SENDING MUSIC TO SPACE FOR THE ALIENS TO HEAR: EVERYONE CAN BE PART OF SETI’S LATEST ENDEAVOR

Since the beginning of our space missions, humans have tried to send messages to aliens, messages that could- in that shortest lightest way possible – tell them who we are.

But, ‘What to send?’ has always remained a crucial question. Should it be a donut or masala dosa, showing them the delicious food we eat? Or, our collective wisdom in the form of texts, showing them what we all believe in?

This problem is, all this might be subjective – different food from different regions, different believes of different people. However, there is one thing that we all share, irrespective of borders, religions and varying culture – music,

For years, space agencies have collected sounds which can be sent to outer space. The Voyager golden records, which were launched in 1977, contain sounds and images selected to portray the diversity of life and culture on Earth, including the “Bhairavi: jat Kahan Ho” by Kesarbai Kerker, that late Indian classical vocalist.

Now, a composer plans to compile a ‘world song’ to send into space. Felipe Perez Santiago, Mexican musician and composer- in residence at the search the extraterrestrial intelligence (SETI) institute, has devised the “earthling project” along with Jill Tarter, the co-founder of SETI.

The project is a call to people everywhere to upload snippets of song that he plans to mould into collective human chorus. Santiago told the economist that the music is intended to be not a just message to the universe, but a mirror – a chance to say “see, we’re all the same.”

This summer, an initial composition as containing as many as ten thousand unaccompanied voices will be launched into the space, inscribed alongside Wikipedia and the Rosetta project, sampling of 1,500 human languages, on a nearly indestructible disc.

Jill Tarter, the co-founder of SETI, says that the programme aims not just to communicate with remote civilisations. It is also remind humanity of its own modest, fragile place in the cosmos.

ASTRONOMERS HAVE FOUND A SOLAR SYSTEM WITH SIX STARS AND SIX ECLIPSES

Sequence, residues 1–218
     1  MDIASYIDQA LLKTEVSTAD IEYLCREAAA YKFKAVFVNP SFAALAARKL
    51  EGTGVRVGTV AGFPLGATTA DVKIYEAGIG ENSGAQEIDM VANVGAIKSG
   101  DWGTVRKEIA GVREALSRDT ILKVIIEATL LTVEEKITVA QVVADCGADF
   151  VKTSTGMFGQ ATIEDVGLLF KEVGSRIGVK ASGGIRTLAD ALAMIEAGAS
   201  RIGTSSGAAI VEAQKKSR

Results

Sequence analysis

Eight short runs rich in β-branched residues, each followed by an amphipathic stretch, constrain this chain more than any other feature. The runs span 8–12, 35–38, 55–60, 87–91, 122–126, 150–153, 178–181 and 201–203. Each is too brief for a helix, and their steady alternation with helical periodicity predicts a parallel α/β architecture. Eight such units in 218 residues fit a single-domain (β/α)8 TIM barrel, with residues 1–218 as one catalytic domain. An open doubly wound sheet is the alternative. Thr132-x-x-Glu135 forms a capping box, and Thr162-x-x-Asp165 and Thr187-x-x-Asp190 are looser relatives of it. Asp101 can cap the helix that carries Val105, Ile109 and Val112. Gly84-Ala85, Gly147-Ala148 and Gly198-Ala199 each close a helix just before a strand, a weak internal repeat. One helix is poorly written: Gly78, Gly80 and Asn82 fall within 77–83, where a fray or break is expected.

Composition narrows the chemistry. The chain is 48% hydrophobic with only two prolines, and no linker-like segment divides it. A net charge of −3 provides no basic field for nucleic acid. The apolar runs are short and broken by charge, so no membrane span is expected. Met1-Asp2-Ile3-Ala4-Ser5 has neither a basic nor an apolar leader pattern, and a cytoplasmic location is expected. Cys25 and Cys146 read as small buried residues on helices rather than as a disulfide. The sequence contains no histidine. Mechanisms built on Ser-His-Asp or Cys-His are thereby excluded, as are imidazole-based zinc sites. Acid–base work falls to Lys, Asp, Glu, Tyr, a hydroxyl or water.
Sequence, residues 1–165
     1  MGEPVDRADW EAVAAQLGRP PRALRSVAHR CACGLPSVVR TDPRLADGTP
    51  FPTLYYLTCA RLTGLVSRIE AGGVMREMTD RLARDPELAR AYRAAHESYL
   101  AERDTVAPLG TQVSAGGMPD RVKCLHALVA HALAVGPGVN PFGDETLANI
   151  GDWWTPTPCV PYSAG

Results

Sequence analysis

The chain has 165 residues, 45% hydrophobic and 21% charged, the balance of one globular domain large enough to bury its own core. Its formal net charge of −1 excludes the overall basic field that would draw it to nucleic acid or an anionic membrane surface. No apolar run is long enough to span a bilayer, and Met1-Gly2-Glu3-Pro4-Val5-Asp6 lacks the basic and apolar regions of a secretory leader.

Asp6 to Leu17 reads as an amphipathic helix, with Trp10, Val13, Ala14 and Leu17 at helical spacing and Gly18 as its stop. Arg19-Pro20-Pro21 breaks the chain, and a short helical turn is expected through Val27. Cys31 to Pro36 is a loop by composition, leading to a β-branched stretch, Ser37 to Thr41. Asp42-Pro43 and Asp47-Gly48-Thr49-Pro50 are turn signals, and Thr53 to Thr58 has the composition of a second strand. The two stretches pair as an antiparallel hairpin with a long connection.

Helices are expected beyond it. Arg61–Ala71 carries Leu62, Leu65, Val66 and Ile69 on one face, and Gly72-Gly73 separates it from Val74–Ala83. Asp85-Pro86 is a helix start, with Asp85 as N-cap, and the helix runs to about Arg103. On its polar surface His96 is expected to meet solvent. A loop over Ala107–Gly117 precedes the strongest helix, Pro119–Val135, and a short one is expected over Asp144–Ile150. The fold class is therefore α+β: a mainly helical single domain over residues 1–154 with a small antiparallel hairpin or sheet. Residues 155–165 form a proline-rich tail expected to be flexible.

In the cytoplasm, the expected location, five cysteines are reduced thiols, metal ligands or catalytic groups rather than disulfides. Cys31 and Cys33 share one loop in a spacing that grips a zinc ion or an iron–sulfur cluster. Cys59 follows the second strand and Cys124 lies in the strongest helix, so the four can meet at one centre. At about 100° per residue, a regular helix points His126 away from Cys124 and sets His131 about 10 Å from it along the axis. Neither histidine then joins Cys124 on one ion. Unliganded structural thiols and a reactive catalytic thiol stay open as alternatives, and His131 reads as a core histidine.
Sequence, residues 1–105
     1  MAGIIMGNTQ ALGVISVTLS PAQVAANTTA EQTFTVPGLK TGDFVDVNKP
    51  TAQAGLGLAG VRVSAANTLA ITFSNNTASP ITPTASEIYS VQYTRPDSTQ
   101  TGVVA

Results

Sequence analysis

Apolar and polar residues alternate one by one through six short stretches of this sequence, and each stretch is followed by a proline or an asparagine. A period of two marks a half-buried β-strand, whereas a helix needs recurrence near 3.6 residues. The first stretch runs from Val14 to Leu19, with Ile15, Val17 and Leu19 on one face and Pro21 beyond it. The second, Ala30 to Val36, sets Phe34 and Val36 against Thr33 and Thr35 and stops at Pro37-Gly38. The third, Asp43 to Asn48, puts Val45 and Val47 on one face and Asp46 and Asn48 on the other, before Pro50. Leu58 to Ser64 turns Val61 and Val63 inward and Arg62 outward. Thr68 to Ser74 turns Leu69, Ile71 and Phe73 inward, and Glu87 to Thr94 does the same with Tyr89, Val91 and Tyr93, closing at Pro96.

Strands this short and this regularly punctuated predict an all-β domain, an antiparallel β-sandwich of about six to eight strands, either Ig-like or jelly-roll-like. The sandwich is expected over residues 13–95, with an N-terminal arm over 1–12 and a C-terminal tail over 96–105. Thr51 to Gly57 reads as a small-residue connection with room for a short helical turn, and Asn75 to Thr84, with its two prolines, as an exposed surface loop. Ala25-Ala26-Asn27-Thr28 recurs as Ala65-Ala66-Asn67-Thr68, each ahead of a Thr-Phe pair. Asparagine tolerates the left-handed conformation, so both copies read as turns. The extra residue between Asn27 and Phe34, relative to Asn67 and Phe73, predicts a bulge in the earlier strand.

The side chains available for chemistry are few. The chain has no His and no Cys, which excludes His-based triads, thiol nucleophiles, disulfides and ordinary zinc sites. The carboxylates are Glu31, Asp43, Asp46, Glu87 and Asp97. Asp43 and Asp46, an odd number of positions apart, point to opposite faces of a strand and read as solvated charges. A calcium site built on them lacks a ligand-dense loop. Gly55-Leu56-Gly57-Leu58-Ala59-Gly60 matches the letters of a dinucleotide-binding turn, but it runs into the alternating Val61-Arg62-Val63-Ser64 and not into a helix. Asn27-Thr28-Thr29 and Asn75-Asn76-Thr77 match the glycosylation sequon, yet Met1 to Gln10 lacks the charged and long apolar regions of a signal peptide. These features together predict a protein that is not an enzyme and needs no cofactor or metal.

Our earth is a part of the solar system, were planets revolve around a star (sun). But what if there was a system with more than one stars? Think six!

Using data from NASA’s transiting exoplanet survey satellite (TESS), which is designed primarly to find exoplantes, Scientists have observed a system known as TIC 168789840, located 1900 light years away. This system consists of three binary pairs of stars.

The binary pair of stars is formed when two stars revolve around the same center of mass, in this case, there are three pairs in just one system, imaging waking up to two sun’s and four other very bright stars dancing around in the sky!

Even though a handful of other sextuplets have been discovered in the past, this is the first in which the stars within each of those three pairings keep crossing each other and eclipsing the other member. In other words, Scientists have found a sextuply eclipsing sextuple star system.

The question now arises, if there could be possible exoplantes in these systems. Four of the six stars orbit so close to one another that they immediately engulf any exoplantes that form near them, so the chances of any extraterrestrials around them are pretty slim.

However, the other two stars keep their distance. So it’s technically possible that there could be some exoplantes orbiting them and watching the other two binary systems from afar.